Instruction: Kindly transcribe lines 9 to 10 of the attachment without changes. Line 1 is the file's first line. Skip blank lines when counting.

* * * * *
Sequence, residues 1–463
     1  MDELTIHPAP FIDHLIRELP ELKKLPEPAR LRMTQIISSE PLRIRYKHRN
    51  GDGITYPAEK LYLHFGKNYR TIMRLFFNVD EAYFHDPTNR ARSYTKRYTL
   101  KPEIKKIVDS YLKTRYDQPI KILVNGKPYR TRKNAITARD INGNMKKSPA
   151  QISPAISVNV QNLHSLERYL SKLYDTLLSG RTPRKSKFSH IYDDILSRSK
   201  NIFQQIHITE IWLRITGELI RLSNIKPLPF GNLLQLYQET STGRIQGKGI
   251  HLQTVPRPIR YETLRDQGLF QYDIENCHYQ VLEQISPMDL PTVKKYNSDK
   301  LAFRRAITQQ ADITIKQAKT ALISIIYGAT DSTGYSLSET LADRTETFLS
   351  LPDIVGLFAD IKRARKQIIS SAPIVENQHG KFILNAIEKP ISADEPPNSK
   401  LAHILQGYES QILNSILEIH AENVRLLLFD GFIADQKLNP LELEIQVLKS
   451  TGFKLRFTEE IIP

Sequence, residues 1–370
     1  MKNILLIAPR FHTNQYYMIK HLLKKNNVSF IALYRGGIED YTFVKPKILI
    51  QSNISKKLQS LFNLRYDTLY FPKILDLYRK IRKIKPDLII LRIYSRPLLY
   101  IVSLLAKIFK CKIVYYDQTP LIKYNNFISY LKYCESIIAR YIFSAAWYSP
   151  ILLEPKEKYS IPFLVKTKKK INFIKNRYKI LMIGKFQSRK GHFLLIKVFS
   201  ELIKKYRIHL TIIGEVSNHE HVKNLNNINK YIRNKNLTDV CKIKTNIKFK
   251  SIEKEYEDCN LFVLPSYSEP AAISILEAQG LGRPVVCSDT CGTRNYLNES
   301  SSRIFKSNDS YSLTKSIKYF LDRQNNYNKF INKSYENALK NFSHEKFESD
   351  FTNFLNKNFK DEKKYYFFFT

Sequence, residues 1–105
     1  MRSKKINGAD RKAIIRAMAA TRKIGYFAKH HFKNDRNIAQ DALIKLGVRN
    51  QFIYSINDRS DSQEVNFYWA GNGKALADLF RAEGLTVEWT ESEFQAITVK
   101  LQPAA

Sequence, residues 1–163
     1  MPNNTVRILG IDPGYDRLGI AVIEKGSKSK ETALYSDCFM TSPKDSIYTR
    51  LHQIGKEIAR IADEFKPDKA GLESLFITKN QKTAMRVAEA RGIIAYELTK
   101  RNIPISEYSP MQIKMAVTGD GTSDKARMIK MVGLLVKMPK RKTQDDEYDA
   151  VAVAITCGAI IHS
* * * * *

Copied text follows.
   351  LPDIVGLFAD IKRARKQIIS SAPIVENQHG KFILNAIEKP ISADEPPNSK
   401  LAHILQGYES QILNSILEIH AENVRLLLFD GFIADQKLNP LELEIQVLKS